How To Make A Good Lighting Job Great

How To Make A Good Lighting Job Great
Bruce Dennis

Observations from CLCA Beautification Lighting Judge Bruce Dennis

Recently, I had the pleasure of being a residential landscape lighting judge for the California Landscape Contractors Association (CLCA) 61st Annual Beautification Awards. There were 12 competing landscape contractors from the Orange County Chapter who submitted their jobs for various awards.  The lighting awards were graded on several factors and separated by the number of fixtures used on the project (under 35, 36-80 and 81 or more fixtures).

The criteria were ranked on the following: Effects- Dramatic, Combined and Special; Installation- Fixture Selection, Proper Use of Beam Spread, Voltage Drop, Mountings, Color Rendition, Controllers and Safety.

The reviews lasted two full nights from 6:30 pm to 12:00 am. The CLCA provided a van, a driver, a navigator and a photographer for two lighting judges. The judges were (myself) Bruce Dennis from Lightcraft Outdoor and David Oborn from FX Luminaire.  We reviewed 6 projects per night. At the end of the night the votes were tallied based upon the factors listed above.  Interestingly enough, both David and I had very similar comments per project and were mostly in sync on what was good, what could have been better and what could have been considered poor lighting choices.

Positive notes from the two nights: Most of the jobs had good “balance” where the property had good lighting throughout the yard; Most of the jobs had appropriate light levels and were not overly lit and primarily used warm kelvin colors (2700k and 3000k); Most of the jobs hid the cable and the transformers were out of sight; Most of the jobs used brass and high quality materials; Most of the jobs used high quality replace-able/service-able drop in LED lamps; Some of the contractors had well thought out wiring systems (pre wired) where individual, large decorative pots were nicely lit that were sitting on exquisite flooring.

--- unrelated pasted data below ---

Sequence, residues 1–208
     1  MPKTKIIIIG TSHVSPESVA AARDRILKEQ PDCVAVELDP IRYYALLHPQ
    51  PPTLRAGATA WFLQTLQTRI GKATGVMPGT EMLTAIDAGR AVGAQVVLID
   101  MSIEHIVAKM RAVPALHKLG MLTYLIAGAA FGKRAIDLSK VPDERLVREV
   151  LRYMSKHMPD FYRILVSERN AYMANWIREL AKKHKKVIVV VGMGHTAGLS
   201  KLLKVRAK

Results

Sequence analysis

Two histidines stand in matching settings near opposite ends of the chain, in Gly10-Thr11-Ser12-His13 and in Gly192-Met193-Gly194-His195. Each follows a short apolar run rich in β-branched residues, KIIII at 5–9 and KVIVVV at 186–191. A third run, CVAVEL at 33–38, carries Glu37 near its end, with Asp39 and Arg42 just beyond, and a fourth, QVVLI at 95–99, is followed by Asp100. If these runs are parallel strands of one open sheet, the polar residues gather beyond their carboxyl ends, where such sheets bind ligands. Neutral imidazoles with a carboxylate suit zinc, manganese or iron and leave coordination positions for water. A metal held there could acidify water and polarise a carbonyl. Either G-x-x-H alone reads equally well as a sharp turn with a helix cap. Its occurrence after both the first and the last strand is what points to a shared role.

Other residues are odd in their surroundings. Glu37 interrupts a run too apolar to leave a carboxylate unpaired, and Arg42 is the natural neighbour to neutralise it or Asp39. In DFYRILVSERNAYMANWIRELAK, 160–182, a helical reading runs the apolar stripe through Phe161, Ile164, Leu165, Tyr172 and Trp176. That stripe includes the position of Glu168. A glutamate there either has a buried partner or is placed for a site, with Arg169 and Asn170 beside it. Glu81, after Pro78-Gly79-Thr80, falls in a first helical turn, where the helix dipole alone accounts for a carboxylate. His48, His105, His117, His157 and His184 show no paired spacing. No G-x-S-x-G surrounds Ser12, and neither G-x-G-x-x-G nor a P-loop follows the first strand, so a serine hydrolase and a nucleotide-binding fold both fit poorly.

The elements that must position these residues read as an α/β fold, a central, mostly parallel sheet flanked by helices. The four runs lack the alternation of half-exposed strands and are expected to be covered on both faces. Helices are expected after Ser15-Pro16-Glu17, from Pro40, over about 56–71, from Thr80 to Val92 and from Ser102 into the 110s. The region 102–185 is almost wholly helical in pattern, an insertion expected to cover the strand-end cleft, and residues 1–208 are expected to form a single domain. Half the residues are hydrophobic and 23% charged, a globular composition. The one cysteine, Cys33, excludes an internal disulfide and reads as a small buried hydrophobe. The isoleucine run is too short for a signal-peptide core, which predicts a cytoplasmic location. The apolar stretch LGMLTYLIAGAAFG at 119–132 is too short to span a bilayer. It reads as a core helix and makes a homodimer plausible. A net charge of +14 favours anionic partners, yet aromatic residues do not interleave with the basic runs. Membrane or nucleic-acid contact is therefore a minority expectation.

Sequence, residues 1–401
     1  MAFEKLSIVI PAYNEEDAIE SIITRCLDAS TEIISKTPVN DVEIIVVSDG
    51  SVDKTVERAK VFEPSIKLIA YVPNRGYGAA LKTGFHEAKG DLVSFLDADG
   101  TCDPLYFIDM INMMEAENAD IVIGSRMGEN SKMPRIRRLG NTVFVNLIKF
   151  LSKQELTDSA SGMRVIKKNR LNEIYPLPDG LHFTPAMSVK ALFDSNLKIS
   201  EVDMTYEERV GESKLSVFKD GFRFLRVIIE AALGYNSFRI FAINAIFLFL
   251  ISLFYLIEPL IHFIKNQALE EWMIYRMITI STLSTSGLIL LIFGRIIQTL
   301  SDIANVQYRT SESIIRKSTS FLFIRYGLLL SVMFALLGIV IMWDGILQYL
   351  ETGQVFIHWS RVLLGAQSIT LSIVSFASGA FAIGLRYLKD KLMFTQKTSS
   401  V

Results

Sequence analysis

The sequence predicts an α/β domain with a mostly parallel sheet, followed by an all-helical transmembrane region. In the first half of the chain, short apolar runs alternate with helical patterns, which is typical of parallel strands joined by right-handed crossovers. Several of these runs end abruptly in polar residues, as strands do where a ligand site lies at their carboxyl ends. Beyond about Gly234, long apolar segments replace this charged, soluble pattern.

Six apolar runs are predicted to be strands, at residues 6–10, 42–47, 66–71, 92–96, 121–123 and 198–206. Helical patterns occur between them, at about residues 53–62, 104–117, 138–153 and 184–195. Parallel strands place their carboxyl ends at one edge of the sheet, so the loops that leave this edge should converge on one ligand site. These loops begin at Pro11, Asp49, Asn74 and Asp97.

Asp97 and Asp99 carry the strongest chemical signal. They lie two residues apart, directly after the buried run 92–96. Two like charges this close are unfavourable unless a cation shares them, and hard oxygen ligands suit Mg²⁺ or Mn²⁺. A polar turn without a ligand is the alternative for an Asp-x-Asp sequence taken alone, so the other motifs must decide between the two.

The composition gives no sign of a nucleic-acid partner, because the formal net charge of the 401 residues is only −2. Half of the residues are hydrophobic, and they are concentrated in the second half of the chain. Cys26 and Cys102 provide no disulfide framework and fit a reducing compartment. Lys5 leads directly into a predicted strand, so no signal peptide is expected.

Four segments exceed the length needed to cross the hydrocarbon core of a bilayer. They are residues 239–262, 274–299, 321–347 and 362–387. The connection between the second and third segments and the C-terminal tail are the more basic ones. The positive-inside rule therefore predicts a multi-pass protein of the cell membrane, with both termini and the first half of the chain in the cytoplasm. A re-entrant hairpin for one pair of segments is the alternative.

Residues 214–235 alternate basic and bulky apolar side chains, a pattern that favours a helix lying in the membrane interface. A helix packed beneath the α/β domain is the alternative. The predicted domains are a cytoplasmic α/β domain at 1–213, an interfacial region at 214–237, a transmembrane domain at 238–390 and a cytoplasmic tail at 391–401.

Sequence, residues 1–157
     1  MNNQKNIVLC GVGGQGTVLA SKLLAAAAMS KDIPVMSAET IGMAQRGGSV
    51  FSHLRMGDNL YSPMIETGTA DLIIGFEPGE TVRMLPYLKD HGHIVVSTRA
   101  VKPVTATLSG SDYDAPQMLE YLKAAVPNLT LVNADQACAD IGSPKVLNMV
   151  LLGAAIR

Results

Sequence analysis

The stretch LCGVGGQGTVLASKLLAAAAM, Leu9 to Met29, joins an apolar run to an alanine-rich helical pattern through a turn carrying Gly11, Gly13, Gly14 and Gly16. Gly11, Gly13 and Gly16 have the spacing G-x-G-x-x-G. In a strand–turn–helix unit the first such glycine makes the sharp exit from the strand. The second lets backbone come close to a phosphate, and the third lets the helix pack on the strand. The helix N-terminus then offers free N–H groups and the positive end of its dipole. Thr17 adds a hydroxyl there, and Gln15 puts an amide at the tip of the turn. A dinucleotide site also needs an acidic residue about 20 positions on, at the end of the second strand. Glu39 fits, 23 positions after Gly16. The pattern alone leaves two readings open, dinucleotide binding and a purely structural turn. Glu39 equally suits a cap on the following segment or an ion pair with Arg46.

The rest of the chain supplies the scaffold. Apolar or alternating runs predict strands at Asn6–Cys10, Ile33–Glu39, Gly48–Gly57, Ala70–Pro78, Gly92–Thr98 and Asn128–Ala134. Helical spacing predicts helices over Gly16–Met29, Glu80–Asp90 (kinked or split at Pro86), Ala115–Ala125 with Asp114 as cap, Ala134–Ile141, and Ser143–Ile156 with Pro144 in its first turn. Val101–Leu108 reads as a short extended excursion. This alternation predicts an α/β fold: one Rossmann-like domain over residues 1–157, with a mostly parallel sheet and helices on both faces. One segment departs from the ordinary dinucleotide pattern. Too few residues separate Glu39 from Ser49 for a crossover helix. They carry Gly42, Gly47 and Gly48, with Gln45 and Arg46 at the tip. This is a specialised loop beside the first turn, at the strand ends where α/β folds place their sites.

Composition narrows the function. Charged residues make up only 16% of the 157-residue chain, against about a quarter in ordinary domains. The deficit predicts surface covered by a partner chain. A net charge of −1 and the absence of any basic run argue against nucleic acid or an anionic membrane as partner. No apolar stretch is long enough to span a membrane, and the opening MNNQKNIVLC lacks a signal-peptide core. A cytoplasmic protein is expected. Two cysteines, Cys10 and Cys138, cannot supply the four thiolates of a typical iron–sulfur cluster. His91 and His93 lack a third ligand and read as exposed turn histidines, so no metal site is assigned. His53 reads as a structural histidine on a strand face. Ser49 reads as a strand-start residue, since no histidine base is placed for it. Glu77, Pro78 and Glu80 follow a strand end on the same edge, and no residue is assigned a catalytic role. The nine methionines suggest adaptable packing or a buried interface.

Improvement notes from the two nights: Glare was an issue on most of the projects. This could have easily been resolved with a night review with simple adjustments and location placement; Most of the stairs were under lit. This is a potential hazard; Many of the properties had “voids” of light. This is unpleasant to the eye when viewing at certain perspectives; Many of the “voids” were due to unlit trees that fell on the other side of the property or fence line. It would have looked much better to incorporate the trees and specimens that can be seen as part of a balanced lighting plan, even though they were not directly on the property. Other “voids” were simply due to not enough fixtures; Most of the jobs used up lights, but many did not incorporate enough “small wash lights” for the shrubs and bushes. Wash lights provide soft and great low level light and are ideal for small specimens and short pony walls. Wash lights are also great “fillers” to balance the lighting pallet; The light levels could have been more creative with less wattage (lumens) in front, medium light levels in the middle and more wattage (lumens) in the back of the property.

In conclusion, I was excited to see how lighting has become such an integral part of professional landscape projects. Landscape lighting provides beauty and enhances the overall landscape plan. Lighting also provides safety and security which is incredibly important. The projects that we reviewed all had high levels of owner satisfaction, which in itself is a great success.  We all know that “landscape lighting can be more of an “art than a science”.  It is critical for the contractor to review the lighting at all stages of the installation, especially at night. Finally, the difference between a good lighting job and a great lighting job can be just a matter of inches (placement, direction and shielding).

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